Ultimately, Heartless is a story about undeserved grace. This is the theme at the core of all Una’s adventures and perils. It is impossible to tell a story of undeserved grace without the theme of sacrifice playing a dominant role.
To sacrifice is to give up something, something we value highly, usually to gain something we want more. It isn’t quite the same bartering or bargaining, though it is similar. Think of the Old Testament sacrifices of long ago. The people of that day and age would sacrifice their best lambs and goats on God’s alter as a demonstration of honor and love. This was often in hopes that God would respond to their gift with blessing . . . but the proper form of sacrifice wasn’t this “scratch my back and I’ll scratch yours” deal. It was an outpouring of thankfulness. Gratitude for God’s bounty, for His provision. They were willing to give up valued livestock in order to better express their thanks.
We don’t usually think of sacrifice in this context, however. It is much more natural for our selfishly human minds to think in terms of, “Well, if I give this up, do I get something better in return?”
But the sacrifice that is made purely for love, with no expectation of return, is the rarest and most beautiful.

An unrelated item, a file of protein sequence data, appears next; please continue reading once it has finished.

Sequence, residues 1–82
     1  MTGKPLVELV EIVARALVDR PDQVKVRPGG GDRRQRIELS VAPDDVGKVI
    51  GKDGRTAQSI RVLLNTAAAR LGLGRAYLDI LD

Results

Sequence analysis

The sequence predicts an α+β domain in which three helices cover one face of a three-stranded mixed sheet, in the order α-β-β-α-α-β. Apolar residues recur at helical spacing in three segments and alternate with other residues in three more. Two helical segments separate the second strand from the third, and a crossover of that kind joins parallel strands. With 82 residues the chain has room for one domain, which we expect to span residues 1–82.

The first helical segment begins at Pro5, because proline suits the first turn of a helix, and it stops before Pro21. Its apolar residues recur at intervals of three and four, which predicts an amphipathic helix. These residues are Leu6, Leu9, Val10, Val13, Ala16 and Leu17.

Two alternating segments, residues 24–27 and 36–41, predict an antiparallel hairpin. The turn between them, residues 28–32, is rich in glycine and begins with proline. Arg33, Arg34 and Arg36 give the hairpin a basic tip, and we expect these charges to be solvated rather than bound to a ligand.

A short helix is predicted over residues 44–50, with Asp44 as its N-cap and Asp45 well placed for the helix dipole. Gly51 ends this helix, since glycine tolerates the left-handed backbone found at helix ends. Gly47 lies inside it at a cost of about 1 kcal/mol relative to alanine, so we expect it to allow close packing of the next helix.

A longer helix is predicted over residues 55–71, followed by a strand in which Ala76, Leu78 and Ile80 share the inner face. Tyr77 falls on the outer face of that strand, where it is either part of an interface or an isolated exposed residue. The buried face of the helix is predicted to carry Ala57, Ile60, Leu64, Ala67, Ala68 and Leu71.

We see sacrifices being made on a lot of levels throughout the tale. Almost all of them are selfishly motivated. Lionheart sacrifices his honor in return for safety. Una sacrifices her heart in hopes of gaining a forlorn dream. The yellow-eyed dragon, Diarmid, sacrifices his freedom for the sake of choosing his own form of slavery.
In the end, only one sacrifice makes the difference. Aethelbald offers his life in the very jaws of the Dragon in order to reclaim Una’s heart. Not for himself! No, for when Aethelbald comes to Una in the second-to-last chapter, he has the opal ring that represents Una’s heart in his possession. But he does not keep it. He gives it back to her. He has fought the good fight, reclaimed what Una so foolishly tossed away, sacrificed everything for the sake of giving her back what no longer is truly hers.
Una knows it. That is why, she is the one to make the final sacrifice. She gives Aethelbald her heart. And here, we see her giving a sacrifice in the old context. Not in hopes of getting something she wants . . . no, for she has finally learned to forgo her stubborn self-will. She gives Aethelbald her heart because she knows it is what he longs for. And out of gratitude, out of love, out of pure joy in the goodness that is the Prince of Farthestshore, she offers him her heart.
What a long journey my foolish young Una went on. But I believe, to learn the true meaning of sacrifice, it was worth every painful step.
Hebrews 13:15: “. . . let us continually offer to God a sacrifice of praise – the fruit of lips that confess His name”.
Sacrifice is such a dreadful thing, and yet such a glorious, mysterious wonder.
I can certainly imagine Aethelbald wearing that precious ring on a chain around his neck.
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